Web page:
This year i spent quite some time in preparation of the 10m contest. Already a year ago i bought some fishing rods with the plan to make a Moxon antenna. This antenna was realized now. The transceiver was my HiQSDR again driving a R155 PA. In order to improve sensitvity i connected a wideband LNA from Funkamateur. The LNA was switched on and bypass by one of my sequencer PCBs. Quisk SDR forwarded 192kHz IQ samples to skimmer and from there the decodes went to the bandmap of tlf log. I started in CW and worked quite some multies. After one hour i changed to SSB which was a likely a fault because the activity in phone was low. The last 30 minutes were spent in CW again.
The map below shows the locations of the stations worked. They were taken from internet and might be incorrect. The map shows that i mainly had the moxon to north and west direction.
stations worked in 10m contest 2021 – maps by openstreetmap and opentopo contributors via DL4MFM edi analyzer
The most heavy part of the moxon is the mounting plate. The fishing rods are snapped to the plate and then fixed with U brackets. There are 16 wing nuts to fix.
10m moxon antenna under test indoor
Getting the antenna outside is not that easy. It needs to be mounted outside and there was little space because of a chimney nearby.
Moxon antenna mounted outside the roof window
It you do not take care everything will end up in a big mess.
Gordons knot – wires of the moxon
The software did cosist of Quisk, skimmer and tlf log.
SDR software just before the contest
The R155 PA can generate 100W with 5W input. Unfortunately it seems not very robust against some RF nearby. The linear power supply i tried to use before went unstable in SSB. Therefore i had to swap the supplies.
PA and power supply
HiQSDR is quite unsensitive on 10m. I used a LNA from Funkamateur which has bypass relais for TX. I had to replace the transistors because both where faulty.
Since i use Quisk for my HiQSDR i found it interesting to experiment with FreeDV again. Quisk can directly support using the FreeDV API and work in this digital mode without building lots of cables. Since i wanted to try the latest mode 700C i had to compile the library from the scratch and add the mode to the configuration of quisk. Below you can find recordings of my CQ call in the modes 1600 and 700C which were made loopback.
Now i search for a QSO partner preferably on 2m somewhere in the area around JO61. I can work relatively well direction southeast. So east OK might be good.
Please remember the 700C mode uses only 1kHz of bandwidth.
If you are interested in some tests just send me a email to firstname.lastname@example.org
A evening of TX. The picture was made by DK1RS in a distance of 80km and shows my signal (horizontal line) during about half an hour. The crossing lines are reflections from aircraft +- Dopplershift. So far signal raises about 10dB compared to the direct path between Rainer and myself. WSPR cannot decode if the Aircraft Reflection is present because it cannot deal with the Doppler drift.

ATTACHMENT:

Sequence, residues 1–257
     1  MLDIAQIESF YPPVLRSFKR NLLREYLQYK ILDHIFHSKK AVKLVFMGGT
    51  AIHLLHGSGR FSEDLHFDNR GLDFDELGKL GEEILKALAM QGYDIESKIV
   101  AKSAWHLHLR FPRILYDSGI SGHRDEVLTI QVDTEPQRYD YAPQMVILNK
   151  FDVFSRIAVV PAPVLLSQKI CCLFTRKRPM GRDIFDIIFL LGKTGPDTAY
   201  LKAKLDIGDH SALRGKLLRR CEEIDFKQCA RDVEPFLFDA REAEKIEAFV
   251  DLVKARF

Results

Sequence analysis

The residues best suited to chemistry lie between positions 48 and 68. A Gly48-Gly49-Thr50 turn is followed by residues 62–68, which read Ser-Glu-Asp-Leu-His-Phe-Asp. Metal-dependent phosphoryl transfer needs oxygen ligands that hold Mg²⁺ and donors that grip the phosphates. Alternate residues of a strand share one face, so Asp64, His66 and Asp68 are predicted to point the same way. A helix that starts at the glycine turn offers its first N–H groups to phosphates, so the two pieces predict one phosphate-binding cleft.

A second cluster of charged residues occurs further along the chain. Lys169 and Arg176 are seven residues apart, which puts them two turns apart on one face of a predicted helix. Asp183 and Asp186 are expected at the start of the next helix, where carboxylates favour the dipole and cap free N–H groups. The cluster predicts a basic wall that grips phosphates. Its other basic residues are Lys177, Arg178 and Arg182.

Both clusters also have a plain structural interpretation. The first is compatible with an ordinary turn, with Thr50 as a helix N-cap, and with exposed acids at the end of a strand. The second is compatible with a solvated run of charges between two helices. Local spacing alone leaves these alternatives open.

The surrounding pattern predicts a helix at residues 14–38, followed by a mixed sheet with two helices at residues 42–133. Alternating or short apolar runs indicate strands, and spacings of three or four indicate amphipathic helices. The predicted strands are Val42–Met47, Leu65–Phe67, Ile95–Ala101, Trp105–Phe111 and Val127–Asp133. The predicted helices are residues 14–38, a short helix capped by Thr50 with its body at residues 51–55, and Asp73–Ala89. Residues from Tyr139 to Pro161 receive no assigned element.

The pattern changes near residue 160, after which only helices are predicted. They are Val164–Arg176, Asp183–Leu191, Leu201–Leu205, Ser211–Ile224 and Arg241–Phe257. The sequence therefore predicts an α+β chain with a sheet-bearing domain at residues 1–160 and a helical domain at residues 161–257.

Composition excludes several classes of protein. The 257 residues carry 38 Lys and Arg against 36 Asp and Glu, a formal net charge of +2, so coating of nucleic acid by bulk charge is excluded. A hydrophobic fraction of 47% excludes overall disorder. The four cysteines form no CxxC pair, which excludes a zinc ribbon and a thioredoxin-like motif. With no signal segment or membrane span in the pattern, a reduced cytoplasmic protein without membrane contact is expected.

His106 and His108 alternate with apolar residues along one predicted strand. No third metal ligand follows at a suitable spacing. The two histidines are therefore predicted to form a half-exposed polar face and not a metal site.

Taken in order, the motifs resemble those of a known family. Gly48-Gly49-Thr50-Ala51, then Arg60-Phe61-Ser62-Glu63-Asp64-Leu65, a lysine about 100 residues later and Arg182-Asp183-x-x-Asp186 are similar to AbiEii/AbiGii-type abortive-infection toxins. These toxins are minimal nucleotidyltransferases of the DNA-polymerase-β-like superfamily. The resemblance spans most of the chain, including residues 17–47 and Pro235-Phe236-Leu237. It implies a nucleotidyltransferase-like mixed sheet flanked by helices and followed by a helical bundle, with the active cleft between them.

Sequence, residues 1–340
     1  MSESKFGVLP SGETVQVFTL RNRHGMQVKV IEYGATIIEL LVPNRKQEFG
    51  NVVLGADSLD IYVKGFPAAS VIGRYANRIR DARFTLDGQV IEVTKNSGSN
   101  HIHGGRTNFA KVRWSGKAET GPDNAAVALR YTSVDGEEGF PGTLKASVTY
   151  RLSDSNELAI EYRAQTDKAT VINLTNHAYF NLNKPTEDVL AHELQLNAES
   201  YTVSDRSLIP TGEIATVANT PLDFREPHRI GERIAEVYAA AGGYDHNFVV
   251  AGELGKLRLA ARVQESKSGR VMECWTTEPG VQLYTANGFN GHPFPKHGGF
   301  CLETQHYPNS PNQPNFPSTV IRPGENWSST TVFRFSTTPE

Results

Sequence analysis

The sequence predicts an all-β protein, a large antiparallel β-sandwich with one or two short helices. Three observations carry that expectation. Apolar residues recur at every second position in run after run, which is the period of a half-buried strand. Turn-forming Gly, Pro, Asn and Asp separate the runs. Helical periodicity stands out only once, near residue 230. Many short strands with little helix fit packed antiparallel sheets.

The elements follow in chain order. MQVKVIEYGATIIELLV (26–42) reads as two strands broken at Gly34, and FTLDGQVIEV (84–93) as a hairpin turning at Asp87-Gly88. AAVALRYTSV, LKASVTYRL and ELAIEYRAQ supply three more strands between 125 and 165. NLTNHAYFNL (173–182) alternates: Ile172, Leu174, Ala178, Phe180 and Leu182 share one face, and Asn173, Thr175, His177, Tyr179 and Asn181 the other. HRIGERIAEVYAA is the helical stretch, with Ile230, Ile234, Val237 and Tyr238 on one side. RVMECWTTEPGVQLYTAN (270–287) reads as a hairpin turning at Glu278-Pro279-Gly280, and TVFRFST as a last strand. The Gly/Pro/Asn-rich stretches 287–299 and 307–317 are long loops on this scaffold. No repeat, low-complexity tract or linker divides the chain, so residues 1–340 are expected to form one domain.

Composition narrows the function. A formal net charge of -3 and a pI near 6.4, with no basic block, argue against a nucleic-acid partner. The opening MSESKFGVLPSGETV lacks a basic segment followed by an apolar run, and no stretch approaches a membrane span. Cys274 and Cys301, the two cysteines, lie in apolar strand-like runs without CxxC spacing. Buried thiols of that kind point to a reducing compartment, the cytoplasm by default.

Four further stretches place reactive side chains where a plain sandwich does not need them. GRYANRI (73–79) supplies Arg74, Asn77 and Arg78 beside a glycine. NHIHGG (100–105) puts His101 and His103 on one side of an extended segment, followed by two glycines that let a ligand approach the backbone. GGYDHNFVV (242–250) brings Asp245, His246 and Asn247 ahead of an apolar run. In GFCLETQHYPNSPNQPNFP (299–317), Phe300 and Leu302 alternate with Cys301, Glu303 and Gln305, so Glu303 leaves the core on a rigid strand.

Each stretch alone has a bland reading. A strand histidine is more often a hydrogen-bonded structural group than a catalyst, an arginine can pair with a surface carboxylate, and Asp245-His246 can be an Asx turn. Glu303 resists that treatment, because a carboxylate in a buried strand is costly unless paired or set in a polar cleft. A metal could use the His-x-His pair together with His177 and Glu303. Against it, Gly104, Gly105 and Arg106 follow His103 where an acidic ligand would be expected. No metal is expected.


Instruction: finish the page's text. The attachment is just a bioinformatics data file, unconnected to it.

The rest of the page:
A while ago i destroyed the RX input amplifier of my HiQSDR. Last weekend i replaced the two hittide switches and the differential amplifier of that circuit. Now its fully operational again. On the photo you see the backside of the HiQSDR enclosure as well as my antenna tuner and the SWR/Power meter. The transceiver itself does not have any human interface. It just has inputs for power, RF, key and PTT and outputs for RF, PTT and some control signals.
The digital baseband goes via UDP connection to the SDR PC. Usually i use my Laptop connected via Wifi.
The korean national service KBS is currently testing DRM-AM simulcast. This means the same service is transmitted side by side on co channels. One channel contains the service broadcasted in DRM mode, the next channel contains the same service via AM. This gives the opportunity for some nice comparisons between DRM and AM stability and audio quality. Find two audio snippeds below.
The transmissions will be every evening from 19UTC to 20UTC on 5875kHz (DRM) and 5885kHz (AM) – source www.drm.org
The screenshot shows a part of the radio band yesterday evening. Unfortunately the conditions to Sofia had been really poor. You can see the both signals of KBS and some much stronger signals from other broadcasters.
Obviously the DRM signal was suffering from sideband lobes falling into the DRM spectrum limiting the SNR because at the end when the modulation was already switched off the DRM SNR increased rapidly.
Voice audio snipped – first DRM, then switching to AM
Music audio snipped – first DRM, then switching to AM
The DRM audio was transmitted in AAC+ Mono with 18kBit/s. It gives a rather nice sound compared to other DRM broadcasts that can be received at the moment.